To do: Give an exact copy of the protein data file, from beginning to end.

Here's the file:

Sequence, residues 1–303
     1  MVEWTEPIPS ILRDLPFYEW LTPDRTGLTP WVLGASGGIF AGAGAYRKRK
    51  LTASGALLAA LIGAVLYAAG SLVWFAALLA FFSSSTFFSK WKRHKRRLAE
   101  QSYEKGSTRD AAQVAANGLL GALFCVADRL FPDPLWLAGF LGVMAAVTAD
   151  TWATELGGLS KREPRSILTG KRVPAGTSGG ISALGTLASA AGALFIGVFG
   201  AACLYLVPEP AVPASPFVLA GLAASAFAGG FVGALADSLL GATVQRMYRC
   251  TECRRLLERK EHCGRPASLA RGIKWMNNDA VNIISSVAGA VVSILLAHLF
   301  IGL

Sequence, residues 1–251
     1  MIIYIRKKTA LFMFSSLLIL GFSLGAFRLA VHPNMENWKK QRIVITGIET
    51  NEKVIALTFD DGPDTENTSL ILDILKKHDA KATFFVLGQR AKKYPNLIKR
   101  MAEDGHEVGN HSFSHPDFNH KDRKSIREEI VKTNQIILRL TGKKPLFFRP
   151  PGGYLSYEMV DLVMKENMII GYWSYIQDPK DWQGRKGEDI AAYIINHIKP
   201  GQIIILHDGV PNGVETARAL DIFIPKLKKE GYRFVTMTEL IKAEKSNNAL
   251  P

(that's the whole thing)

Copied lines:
Sequence, residues 1–303
     1  MVEWTEPIPS ILRDLPFYEW LTPDRTGLTP WVLGASGGIF AGAGAYRKRK
    51  LTASGALLAA LIGAVLYAAG SLVWFAALLA FFSSSTFFSK WKRHKRRLAE
   101  QSYEKGSTRD AAQVAANGLL GALFCVADRL FPDPLWLAGF LGVMAAVTAD
   151  TWATELGGLS KREPRSILTG KRVPAGTSGG ISALGTLASA AGALFIGVFG
   201  AACLYLVPEP AVPASPFVLA GLAASAFAGG FVGALADSLL GATVQRMYRC
   251  TECRRLLERK EHCGRPASLA RGIKWMNNDA VNIISSVAGA VVSILLAHLF
   301  IGL

Sequence, residues 1–251
     1  MIIYIRKKTA LFMFSSLLIL GFSLGAFRLA VHPNMENWKK QRIVITGIET
    51  NEKVIALTFD DGPDTENTSL ILDILKKHDA KATFFVLGQR AKKYPNLIKR
   101  MAEDGHEVGN HSFSHPDFNH KDRKSIREEI VKTNQIILRL TGKKPLFFRP
   151  PGGYLSYEMV DLVMKENMII GYWSYIQDPK DWQGRKGEDI AAYIINHIKP
   201  GQIIILHDGV PNGVETARAL DIFIPKLKKE GYRFVTMTEL IKAEKSNNAL
   251  P